The Slade Brothers’ Lucky Escape

On the morning of the 10th of April 1912, the area around Southampton Docks was abuzz with activity as people made final preparations for the maiden voyage of largest ship in the world. Workers signed on, passengers arrived, and a vast array of goods were loaded on to the ship that sat calmly at Berth 44 in the White Star Dock.

Whilst all this was happening, shipmates were drinking in the Grapes pub on Oxford Street. Three brothers, Alfred, Tom, and Bertram Slade were joined by John Podesta and William Nutbean, and the ship firemen enjoyed one last drink before heading off to board the Titanic.


The Grapes is still a pub today, and it displays its connection to the Titanic.

So the story goes, at about ten to twelve, the men left the pub together. They had about ten minutes to spare, but due to Oxford Street’s close proximity to the docks, it shouldn’t have been a problem.

oxford street early 1900s

A busy Oxford Street, early 1900s. Close to the docks, Oxford Street was where Southampton Sailors’ Home was located. Seventeen Titanic crew members listed this as their address, and fifteen of them survived the sinking.

As the men hurried to the Docks, they noticed a train about to cross the road in front of them. Perhaps this was on Canute Road, where trains still cross the road today, next to the South Western Hotel where many of Titanic’s first class passengers stayed. It’s now called South Western House and is private apartments.

As the train approached, Podesta heard one of the Slade brothers say “oh let the train go by”, but he decided not to chance it, so him and Nutbean dashed across the tracks. Podesta and Nutbean made their way to board the Titanic, whilst the three Slade brothers waited behind for the train to pass.


A train crossing Canute Road next to a bomb damaged South Western Hotel in the 1940s.

The train passed, and the Slade brothers carried on their walk, or perhaps slightly drunken stumble, to the White Star Dock. Upon arriving, the officer at the gangway refused them entry as they had cut it so fine and there were spare men already waiting and desperate for the work. The officer ordered that the gangway be lowered and the spare men signed on, and so the Slade brothers were left by the dockside. One can assume they must have felt incredibly disappointed at missing out.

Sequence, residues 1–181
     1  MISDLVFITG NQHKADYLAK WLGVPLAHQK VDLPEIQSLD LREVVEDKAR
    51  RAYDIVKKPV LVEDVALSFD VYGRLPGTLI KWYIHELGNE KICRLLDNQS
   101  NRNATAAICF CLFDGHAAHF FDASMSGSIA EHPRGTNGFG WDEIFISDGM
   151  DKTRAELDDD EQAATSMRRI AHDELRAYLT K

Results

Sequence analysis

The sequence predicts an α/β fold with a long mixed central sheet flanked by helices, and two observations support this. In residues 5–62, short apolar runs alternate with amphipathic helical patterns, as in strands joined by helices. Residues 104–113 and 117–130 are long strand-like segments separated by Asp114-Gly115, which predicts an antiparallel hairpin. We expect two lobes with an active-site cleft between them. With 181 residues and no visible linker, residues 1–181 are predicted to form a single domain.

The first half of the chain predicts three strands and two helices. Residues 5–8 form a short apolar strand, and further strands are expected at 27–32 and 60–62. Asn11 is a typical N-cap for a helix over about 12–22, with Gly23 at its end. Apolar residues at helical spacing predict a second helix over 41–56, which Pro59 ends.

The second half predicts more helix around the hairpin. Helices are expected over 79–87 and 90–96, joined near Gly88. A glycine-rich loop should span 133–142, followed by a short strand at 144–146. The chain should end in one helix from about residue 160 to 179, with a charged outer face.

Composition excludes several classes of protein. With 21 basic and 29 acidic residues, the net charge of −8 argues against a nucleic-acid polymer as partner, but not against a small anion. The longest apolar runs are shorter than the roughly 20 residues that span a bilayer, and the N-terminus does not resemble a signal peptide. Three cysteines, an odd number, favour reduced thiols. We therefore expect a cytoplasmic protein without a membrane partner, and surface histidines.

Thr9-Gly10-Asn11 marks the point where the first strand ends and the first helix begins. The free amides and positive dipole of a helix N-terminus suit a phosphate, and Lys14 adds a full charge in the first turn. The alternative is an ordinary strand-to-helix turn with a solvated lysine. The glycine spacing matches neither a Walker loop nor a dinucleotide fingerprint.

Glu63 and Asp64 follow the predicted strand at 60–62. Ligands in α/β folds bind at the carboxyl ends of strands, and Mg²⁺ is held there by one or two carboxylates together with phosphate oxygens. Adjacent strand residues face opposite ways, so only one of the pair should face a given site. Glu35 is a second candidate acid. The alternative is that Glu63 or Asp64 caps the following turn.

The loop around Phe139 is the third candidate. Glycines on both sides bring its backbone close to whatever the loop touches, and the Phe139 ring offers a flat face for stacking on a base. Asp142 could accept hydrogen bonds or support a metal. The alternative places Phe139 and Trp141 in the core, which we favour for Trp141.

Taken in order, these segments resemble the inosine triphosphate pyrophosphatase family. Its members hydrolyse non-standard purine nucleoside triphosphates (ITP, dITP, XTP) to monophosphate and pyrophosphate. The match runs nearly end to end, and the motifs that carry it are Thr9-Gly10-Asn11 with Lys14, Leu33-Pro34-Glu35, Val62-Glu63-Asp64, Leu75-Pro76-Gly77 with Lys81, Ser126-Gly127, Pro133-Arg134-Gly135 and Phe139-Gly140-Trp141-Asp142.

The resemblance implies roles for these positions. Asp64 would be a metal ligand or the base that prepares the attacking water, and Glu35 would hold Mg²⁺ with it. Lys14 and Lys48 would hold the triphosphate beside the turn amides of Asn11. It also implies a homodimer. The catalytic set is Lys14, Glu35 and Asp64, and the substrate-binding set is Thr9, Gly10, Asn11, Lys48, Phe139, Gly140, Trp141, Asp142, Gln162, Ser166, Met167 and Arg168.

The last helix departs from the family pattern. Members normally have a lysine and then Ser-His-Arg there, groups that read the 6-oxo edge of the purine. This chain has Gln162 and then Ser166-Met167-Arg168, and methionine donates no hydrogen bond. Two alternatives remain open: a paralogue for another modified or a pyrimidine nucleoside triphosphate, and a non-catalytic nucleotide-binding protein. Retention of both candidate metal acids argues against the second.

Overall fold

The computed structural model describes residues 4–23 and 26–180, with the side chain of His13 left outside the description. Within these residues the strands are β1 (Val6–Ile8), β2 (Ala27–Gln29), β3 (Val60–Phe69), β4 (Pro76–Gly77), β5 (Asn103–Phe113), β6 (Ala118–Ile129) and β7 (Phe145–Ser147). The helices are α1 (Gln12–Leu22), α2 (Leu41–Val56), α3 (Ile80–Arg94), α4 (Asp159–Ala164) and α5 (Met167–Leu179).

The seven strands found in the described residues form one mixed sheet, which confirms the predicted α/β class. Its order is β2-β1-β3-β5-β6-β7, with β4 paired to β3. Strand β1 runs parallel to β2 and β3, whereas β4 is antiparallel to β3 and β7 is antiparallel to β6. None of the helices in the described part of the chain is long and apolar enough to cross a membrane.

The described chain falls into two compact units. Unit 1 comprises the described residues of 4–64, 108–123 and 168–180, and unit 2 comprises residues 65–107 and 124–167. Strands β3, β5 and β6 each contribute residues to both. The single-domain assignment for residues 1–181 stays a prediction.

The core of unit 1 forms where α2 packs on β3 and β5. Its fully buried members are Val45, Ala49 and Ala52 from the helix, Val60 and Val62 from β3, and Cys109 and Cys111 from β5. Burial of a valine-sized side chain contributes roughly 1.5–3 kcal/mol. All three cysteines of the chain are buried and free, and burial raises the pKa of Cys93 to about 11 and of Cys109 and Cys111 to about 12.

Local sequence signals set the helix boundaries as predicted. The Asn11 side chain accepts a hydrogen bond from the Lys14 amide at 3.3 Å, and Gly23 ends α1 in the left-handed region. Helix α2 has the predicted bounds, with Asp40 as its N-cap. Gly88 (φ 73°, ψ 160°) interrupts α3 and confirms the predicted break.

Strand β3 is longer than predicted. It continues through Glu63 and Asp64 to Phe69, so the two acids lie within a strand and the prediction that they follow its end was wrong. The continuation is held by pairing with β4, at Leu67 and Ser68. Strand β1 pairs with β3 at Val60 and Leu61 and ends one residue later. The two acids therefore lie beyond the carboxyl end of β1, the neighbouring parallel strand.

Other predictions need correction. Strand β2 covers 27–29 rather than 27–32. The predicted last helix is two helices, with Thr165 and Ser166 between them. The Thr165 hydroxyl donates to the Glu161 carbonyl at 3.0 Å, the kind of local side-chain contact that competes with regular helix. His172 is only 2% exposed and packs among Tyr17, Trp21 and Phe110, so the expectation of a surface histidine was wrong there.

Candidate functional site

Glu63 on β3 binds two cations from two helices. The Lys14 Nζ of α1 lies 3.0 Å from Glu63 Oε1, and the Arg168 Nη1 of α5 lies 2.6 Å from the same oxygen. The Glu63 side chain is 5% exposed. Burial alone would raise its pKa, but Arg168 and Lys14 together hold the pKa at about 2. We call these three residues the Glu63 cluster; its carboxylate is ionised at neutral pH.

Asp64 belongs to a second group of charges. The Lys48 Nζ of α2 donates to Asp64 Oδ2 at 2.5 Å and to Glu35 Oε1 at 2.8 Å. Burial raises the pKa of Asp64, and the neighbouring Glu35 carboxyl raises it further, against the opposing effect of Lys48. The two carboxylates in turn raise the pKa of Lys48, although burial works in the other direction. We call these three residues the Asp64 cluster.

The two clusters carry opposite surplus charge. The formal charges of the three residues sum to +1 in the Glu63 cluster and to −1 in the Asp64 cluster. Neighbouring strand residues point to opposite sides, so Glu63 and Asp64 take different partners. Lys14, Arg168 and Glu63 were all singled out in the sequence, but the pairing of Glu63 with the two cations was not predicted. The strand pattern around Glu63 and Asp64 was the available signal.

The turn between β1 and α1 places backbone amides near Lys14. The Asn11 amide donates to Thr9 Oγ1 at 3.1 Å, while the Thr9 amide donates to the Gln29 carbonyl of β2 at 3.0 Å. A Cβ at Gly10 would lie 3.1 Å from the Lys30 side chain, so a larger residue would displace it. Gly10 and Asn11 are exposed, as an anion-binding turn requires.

I wonder if they watched the Titanic set sail, or if they went back to the pub to drown their sorrows. Either way, the Titanic left Southampton that afternoon and sailed off to its infamous fate…

John Podesta and William Nutbean survived the sinking, and both stayed in Southampton until their deaths in 1968 and 1947 respectively.

The Slade brothers didn’t realise at that moment, but they had been incredibly lucky. That train quite possibly saved their lives. Of the 720+ crew members who had a Southampton address, at least 549 perished in the icy waters of the Atlantic. It had a tragic and truly terrible effect on the town of Southampton and its people.


RMS Titanic in Southampton.


24 thoughts on “The Slade Brothers’ Lucky Escape

  1. Pingback: The Slade Brothers’ Lucky Escape – Tales and truths from Annelise

  2. Interesting post – I wrote a 100 word story about this incident. The ship was due to sail at 12 noon, but did not sail until 1pm. However a zealous new worker pulled the gang-plank up. The train had extra carriages and the passengers took so long to get off with all their luggage and their were so many extras of things to unload from London. The Grapes is dear to my heart – it was where my mother and father met.

    Liked by 1 person

  3. I think that the Dock District of CHAPEL in Southampton suffered Greatly.As i was born in SOUTHAMPTON 1915 I remembered the sadness there. Many Children, lost their FATHERS

    Liked by 2 people

    • Thanks for your comment Stanley. There’s a huge map on the floor at the SeaCity Museum which shows every household that lost someone. You’re right, the areas around the Docks were really badly affected. It must have been horrible.

      Liked by 1 person

    • Nearly every Street in the city lost someone.. when I was growing up from 1957 nobody spoke of it, we were just reminded by the Memorial in town.
      So Chapel where my Father was born 1918.. My Grandmother born Lansdown Hill old walls in the city, Christina Rose Atkins, she met John Joseph O’ Laverty a Irish/Scot in 1911 he lived at number 1 Captains place, worked at Harland & Wolff… had something to do with the “Titanic”, the Chain & Anchor and shipbuilding.

      Liked by 1 person

  4. nd of the NORTH SEA ,until we found that by Skipping ,like a pebble,across water,you actually,do it with a Bomb.This was done. to Hitlers Submarine Base .Hitlers Command of the North Sea was Finished

    Liked by 2 people

  5. Pingback: South Western House | Historic Southampton

  6. My grandfather and his mate were due to sail on the Titanic when apparently they saw rats leaving the ship, so they didn’t sign on. Members of the family have seen his ship’s papers to verify this fact, but they have been lost over time sadly. Another lucky escape.xxxx

    Liked by 1 person

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